You’re excited. It’s Friday night and all week you’ve been looking forward to performing. You booked the gig weeks ago and other comedians who’ve done it tell you the audience is great and you’ll love it. You’ve even pushed yourself a little bit and written a new joke or two, the elation is intoxicating. The whole drive there you’re going over the material in your head, preparing yourself for the inevitable applause breaks from the hundreds of semi sober punters clapping your cleverness.
(No stop come on guys oh go on then just 3 more minutes of applause!)
You pull up to the postcode the promoter has given you. This can’t be right can it? This doesn’t look big enough to house the seething masses you’ve been told attend this venue. You glance across the street hoping to see the neon signs of Geoff’s Comedy Extravaganza but the burnt out husk of a Ford Capri stares at you sadly. Appearances can be deceiving, never judge a book by its cover and all that, inside it could have a specifically designed music hall and multi million pound sound system. You push open the cracked door of The Drum and Dog hoping for a sudden explosion of crowd noise. You’re greeted by a half blind farmer, a barman and two sick greyhounds. The barman says “Hi, I’m Geoff! glad you could make it! We’ve got a much bigger crowd this week Old Terry had to bring his other dog too!”. Disappointment hits you like a Miley Cyrus mounted wrecking ball. You can’t possibly do well at this gig, can you?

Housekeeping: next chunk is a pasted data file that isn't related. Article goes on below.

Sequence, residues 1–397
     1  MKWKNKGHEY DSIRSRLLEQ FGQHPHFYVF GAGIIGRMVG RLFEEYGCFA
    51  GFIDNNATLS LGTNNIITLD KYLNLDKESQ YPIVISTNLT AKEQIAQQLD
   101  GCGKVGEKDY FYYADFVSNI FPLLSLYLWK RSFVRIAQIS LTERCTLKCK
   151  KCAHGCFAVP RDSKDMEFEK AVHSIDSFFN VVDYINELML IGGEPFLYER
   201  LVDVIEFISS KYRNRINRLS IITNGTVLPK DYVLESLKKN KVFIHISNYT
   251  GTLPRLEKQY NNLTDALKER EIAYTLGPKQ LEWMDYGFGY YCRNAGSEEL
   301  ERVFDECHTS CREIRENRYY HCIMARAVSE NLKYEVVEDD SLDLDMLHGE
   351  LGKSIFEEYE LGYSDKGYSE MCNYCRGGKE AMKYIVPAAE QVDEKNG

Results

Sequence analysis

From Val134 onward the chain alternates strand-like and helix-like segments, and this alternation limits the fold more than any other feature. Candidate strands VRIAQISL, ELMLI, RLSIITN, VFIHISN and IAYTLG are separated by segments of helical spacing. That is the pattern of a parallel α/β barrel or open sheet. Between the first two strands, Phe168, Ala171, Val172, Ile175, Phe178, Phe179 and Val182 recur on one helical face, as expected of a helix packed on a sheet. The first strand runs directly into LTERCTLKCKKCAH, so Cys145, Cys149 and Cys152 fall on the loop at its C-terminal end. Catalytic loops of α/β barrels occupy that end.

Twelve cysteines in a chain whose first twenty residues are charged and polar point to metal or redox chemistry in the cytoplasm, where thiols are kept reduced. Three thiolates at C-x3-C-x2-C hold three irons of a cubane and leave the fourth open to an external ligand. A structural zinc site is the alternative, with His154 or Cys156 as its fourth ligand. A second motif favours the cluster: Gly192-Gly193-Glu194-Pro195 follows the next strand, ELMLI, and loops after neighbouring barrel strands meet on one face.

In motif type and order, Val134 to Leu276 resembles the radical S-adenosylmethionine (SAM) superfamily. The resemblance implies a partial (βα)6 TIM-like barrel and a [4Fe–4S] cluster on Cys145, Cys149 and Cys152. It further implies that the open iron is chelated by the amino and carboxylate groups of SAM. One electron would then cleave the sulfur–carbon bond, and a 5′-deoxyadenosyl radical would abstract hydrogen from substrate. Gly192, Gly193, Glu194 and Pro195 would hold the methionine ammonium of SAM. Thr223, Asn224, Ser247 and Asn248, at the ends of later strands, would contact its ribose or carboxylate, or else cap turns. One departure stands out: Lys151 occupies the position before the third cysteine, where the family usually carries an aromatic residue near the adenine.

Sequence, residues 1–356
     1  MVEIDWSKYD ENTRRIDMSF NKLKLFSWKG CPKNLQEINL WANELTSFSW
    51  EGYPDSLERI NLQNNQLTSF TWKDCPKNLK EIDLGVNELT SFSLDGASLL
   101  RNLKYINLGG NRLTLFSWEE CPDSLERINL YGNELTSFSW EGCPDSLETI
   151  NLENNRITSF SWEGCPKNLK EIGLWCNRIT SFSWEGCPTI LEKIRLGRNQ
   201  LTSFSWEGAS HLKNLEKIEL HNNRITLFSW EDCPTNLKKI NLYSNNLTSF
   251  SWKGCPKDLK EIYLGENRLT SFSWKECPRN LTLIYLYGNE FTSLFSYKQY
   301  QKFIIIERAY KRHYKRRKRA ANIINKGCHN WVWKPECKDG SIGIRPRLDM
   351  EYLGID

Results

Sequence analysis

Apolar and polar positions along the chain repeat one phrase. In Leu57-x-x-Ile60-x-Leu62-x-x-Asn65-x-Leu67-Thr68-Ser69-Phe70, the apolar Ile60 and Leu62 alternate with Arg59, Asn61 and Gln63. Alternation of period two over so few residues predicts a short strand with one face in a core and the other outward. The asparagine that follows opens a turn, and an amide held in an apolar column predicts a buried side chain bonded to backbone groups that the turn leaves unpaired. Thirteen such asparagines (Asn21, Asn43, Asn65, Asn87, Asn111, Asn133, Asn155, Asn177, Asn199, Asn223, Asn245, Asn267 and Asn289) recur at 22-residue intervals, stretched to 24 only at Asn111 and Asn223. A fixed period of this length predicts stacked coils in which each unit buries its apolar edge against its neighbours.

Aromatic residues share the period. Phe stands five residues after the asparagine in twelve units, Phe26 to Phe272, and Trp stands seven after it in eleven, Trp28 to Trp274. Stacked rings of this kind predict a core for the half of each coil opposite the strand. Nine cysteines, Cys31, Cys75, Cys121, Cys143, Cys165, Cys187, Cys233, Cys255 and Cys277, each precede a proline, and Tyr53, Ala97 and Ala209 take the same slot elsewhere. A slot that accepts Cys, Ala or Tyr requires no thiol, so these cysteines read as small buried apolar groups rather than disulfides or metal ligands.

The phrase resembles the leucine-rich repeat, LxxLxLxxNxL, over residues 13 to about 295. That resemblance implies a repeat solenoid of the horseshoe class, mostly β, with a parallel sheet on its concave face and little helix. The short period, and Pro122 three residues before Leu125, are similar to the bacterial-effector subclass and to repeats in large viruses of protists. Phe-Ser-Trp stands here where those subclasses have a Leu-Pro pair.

(So you want us to stand actually on the snooker table right?)
The answer is you can. When I was starting out I did hundreds of these gigs across the UK, all new comedians do, always for free and always just to get some performance time. It was disheartening because I immediately thought “what’s the point?” but this is a guide for new comedians just to give some tips on how to use small gigs to your advantage.
1. A gig’s a gig – You got booked for a gig, that means other people applied and didn’t get the spot you applied for. It may not seem like much but you should be proud of the fact that someone chose you to perform at their venue. When you think of it like that you’ve already got one audience member you know wants you there.
2. New material – small gigs are the best for improving new material or honing your better set pieces. The setting is so intimate that you can physically see what impact your material is having on the individuals in that audience. So what if there’s only 4 people there? You’ll have to work a bit harder but it’ll feel better when you win them over.
3. Practise MCing – this is an excellent opportunity to practise talking to the audience and using things they say to make up material on the fly. There’s 4 people there you can get through them quickly enough, you may even have material that relates back to what they’re saying. If that’s the case you’ll look like a master comedian and suddenly you’re a hero. When people are so close they can taste your eyes they tend to feel obliged to respond to any questions they get asked.
4. Ask the audience – Be they the bar manager, the promoter or the blind farmer talk to all of them through the night. You don’t know which of them is going to be able to give you an opportunity in the future. The promoter may end up running all of the corporate bookings for Virgin’s Christmas parties, he’ll remember the guy who was friendly and confident when he was starting out. The farmer may be the guy who rents out his fields to a huge festival and one of the caveats is they have to book you to host the comedy stage, all because you told him you hoped his dogs got better. BOOM.